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Does the NEC standard [FPN's to 210-19(a), 215-2(b), and 310-15] "...a maximum of 3% voltage drop for branch circuits, a maximum of 3% voltage drop for feeders, but a maximum of 5% voltage drop overall for branch circuits and feeders combined" even apply to industrial equipment?

Here are my calculations...

Single-phase DC Load:

__(Conductor Resistivity)(2)(Amps)(Distance in Feet)__= Wire Circular Mils

(Allowable Voltage Drop)

Conductor Resistivity = Copper; 11.2

Amps = 325A + (325A*0.2) = 390A

Distance in Feet = 50 ft.

Allowable Voltage Drop = (0.03)*(10V) = 0.3V

Thus,

__(11.2)(2)(390)(50)__= 1456000 circular mils = 1,456 MCM

0.3

1,456 MCM ~ 12.4/0 wire

This wire is way too huge to bend and fit in our application. Even if I don't size for 80% of the load, and use 325A in my calculation instead of 390A, I still get approx. 1,214 MCM, which is also too large. So my question is whether the 3% maximum voltage drop is really applicable in this industrial application, and how to calculate the acceptable voltage drops.

If, for example, a 5V drop would be acceptable, we could simply size our power supply for the extra 5V and go with a 1/0 wire, which is far more manageable. The heat generated by the power loss doesn't appear to be worrisome:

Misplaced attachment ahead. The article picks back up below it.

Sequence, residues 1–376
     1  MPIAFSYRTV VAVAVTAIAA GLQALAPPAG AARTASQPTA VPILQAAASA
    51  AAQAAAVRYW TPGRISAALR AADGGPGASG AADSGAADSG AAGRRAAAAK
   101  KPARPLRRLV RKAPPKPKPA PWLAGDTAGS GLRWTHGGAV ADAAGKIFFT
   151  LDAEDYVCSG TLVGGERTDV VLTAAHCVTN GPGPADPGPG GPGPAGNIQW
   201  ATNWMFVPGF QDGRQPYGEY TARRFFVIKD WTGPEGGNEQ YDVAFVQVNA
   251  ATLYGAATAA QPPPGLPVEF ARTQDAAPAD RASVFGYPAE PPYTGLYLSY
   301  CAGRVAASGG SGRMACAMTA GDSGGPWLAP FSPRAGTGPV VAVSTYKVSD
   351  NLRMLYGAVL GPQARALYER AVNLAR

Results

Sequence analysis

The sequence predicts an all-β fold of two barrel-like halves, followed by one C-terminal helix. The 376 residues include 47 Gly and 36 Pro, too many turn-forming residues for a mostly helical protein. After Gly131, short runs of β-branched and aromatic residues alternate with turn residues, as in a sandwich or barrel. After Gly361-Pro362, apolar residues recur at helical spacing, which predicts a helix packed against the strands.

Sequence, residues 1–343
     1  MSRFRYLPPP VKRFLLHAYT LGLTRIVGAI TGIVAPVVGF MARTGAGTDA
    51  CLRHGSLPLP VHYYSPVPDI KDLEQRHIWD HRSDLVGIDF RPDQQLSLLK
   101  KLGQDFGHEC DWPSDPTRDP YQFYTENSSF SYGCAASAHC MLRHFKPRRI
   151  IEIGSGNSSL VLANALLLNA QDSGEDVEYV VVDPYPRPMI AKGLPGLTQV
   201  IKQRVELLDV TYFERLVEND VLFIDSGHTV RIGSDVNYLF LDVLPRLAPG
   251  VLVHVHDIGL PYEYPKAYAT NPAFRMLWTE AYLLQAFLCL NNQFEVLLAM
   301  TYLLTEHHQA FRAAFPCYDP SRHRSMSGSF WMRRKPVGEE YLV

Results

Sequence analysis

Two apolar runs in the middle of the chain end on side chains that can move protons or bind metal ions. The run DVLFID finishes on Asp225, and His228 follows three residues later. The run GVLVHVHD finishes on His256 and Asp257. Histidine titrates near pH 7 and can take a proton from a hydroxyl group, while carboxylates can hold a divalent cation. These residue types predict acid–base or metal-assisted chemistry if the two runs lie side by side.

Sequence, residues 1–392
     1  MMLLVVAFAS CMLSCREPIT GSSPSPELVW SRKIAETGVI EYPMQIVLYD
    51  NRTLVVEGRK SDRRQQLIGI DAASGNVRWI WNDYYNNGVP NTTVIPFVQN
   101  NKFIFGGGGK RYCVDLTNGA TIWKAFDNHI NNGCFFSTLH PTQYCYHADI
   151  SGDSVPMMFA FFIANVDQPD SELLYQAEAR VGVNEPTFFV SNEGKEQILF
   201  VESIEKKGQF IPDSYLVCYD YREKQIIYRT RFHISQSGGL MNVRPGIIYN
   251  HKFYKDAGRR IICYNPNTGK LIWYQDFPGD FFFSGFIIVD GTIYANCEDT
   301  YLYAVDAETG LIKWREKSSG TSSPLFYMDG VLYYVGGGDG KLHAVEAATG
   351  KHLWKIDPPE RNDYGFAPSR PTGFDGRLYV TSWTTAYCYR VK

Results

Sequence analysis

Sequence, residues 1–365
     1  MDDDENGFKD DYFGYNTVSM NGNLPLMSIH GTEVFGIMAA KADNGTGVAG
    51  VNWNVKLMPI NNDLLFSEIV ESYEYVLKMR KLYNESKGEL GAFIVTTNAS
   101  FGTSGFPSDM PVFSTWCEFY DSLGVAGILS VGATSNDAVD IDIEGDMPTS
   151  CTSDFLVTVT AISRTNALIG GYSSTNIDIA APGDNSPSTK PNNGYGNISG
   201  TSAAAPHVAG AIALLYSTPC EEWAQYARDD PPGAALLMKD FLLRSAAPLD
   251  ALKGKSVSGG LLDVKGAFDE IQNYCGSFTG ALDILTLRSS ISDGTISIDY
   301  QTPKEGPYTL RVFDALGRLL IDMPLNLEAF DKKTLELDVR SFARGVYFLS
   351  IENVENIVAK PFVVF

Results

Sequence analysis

P_Loss = (I^2)*R

R = p(L/A) where p = resistivity of copper, L= length (m), A = area (m^2)

so,

Resistivity of copper = (1.69*10^-8)

Length = 50 ft. = 15.24 meters

Area = 0.0534705 m^2

(1.69*10^-8)[(15.24)/(0.0534705)] = ~ 4.82 uOhms (or 4.82*10^(-6))

Therefore,

(325A)^2*(4.82uOhms) = ~0.509W (power lost as heat)

So would this scenario, having a 50% voltage drop, be acceptable or would it be in violation of the NEC, UL, or IEC standard(s)? If it would be a violation, why? How can we calculate the temperatures expected as a function of time, given ambient air conditions, based on this power loss as heat?

Some might suggest rating the power supply for a much larger voltage and simply using a step-down transformer at the load, but we don't have sufficient space at the load for this to be feasible.

My primary goal here is to find a proper solution, but I'd also like to understand more about the reasoning behind it as well, so please don't be shy about getting into detail. The more information you can share the better! Thank you all in advance for your assistance! :thumbup: